Last week, I shared with you details that no other media outlet in the country did; the woman accused of assaulting a Muslim woman at a London, Ont. grocery store was, herself, an immigrant—likely from Iran.
I uncovered this after noting in court documents that a Farsi translator was requested for the woman.
The accused was scheduled to appear in court Thursday morning for the next stage of her proceedings. I was in the courtroom, as were her lawyer and interpreter--but the woman at the centre of this all wasn't there. The reason for the absence, according to her lawyer, is that she is currently being treated at a mental health facility as an involuntary patient.
This admission is not tied to any official legal action, which means it’s safe to assume she is dealing with existing mental health issues, which reveals an even bigger disconnect than was previously known between the likely reality of the situation and the narrative that this incident is indicative of rampant anti-Islamic crime in Canada.
Earlier this week, the National Council of Canadian Muslims unveiled its charter against Islamophobia in a number of Canadian cities—including London. In news coverage in the London Free Press, as well as the Toronto Star, this supermarket incident was cited in stories about the charter without context, and without sharing any of the details that I broke last week.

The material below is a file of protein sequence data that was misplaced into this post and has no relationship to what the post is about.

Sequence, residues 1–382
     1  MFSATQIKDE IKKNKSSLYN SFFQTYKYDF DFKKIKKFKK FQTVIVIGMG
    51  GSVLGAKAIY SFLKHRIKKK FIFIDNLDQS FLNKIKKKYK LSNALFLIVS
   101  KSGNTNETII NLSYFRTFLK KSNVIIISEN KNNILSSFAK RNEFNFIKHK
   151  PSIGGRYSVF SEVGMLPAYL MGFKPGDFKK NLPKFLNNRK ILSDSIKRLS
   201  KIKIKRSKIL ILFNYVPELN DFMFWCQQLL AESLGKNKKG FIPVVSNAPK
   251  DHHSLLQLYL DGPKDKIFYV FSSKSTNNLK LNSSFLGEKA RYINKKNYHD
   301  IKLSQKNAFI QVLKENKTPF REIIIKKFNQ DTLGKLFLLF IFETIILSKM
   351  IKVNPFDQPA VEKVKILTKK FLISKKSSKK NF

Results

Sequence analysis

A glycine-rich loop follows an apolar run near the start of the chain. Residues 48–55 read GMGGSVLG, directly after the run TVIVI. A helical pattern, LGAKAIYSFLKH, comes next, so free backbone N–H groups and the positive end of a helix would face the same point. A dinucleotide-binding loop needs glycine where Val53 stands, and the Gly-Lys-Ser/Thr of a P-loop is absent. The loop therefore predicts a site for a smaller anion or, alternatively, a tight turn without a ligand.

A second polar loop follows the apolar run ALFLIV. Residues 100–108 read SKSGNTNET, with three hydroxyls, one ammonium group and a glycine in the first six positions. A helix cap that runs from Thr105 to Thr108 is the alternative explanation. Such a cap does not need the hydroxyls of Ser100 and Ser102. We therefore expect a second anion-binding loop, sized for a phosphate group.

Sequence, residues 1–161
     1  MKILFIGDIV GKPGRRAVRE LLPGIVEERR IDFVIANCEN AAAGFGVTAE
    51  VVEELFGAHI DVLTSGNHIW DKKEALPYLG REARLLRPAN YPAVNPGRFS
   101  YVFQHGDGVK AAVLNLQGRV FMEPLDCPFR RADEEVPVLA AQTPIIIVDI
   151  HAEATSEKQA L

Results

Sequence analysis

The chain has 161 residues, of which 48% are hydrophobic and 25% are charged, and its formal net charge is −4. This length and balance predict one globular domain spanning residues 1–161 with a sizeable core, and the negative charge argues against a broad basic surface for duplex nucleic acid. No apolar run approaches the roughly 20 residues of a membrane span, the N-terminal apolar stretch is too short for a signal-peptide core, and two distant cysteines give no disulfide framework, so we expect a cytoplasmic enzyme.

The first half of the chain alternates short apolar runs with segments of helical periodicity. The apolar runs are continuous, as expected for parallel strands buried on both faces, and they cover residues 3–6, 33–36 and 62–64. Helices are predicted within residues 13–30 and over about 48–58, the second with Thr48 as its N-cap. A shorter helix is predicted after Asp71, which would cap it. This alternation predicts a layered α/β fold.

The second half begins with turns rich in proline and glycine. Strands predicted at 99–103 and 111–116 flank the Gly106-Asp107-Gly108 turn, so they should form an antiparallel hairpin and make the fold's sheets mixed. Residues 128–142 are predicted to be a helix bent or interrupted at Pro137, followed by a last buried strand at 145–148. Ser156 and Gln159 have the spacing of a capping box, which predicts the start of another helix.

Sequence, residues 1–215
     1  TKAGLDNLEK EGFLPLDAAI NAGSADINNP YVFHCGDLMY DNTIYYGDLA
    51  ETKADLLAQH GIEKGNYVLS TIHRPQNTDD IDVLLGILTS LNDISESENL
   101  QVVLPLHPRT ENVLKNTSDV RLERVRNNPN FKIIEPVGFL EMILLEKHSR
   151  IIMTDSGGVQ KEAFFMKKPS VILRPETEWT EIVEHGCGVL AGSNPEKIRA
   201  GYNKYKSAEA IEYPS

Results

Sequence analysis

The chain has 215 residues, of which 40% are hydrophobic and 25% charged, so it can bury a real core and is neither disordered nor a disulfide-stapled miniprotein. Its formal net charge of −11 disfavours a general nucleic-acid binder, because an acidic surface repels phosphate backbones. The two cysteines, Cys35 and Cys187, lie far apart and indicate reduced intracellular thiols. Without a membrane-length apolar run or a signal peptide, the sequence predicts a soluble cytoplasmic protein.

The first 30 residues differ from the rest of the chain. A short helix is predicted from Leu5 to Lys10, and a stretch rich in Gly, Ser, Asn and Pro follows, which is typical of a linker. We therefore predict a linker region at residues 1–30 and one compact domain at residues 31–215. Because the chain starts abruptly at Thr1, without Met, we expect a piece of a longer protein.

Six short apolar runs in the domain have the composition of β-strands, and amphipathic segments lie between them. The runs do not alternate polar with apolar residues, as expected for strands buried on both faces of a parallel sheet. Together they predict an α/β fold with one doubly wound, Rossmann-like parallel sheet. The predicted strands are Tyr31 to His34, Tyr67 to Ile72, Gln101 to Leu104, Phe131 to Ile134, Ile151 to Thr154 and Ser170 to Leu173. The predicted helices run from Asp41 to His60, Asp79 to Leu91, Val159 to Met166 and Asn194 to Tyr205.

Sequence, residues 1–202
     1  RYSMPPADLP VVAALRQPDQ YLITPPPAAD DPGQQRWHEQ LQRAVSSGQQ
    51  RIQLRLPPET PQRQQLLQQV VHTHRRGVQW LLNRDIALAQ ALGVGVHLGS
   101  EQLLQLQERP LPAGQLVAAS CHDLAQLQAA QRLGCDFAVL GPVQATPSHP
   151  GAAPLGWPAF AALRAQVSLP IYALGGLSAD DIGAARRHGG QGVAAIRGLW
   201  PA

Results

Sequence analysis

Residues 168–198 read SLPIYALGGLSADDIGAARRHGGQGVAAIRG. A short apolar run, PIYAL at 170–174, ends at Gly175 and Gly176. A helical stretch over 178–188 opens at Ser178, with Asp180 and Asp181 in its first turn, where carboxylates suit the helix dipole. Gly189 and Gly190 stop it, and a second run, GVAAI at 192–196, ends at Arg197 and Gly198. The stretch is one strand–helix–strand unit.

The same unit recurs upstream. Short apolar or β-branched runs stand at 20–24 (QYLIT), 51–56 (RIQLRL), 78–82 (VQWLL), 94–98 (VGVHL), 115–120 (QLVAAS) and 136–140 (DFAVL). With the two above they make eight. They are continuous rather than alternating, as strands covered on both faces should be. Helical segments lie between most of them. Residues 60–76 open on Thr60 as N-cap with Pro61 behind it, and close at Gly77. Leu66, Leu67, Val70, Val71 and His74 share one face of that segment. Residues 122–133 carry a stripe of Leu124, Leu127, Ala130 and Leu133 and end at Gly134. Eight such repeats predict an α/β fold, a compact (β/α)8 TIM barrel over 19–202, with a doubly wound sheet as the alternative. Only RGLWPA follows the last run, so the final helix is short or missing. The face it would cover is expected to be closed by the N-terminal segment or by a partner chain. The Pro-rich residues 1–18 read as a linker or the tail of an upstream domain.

The Star even went so far as to report, in the same story, on a survey that found an “epidemic of Islamophobia.”
I will continue to follow this case: the accused is expected to appear in court next month.
This may just be a troubled woman who took out her issues on another who happened to be Muslim. Or it could be something else entirely. This is why it is so important to let the facts unfold, rather than to speculate, which so many have done in the last couple of weeks.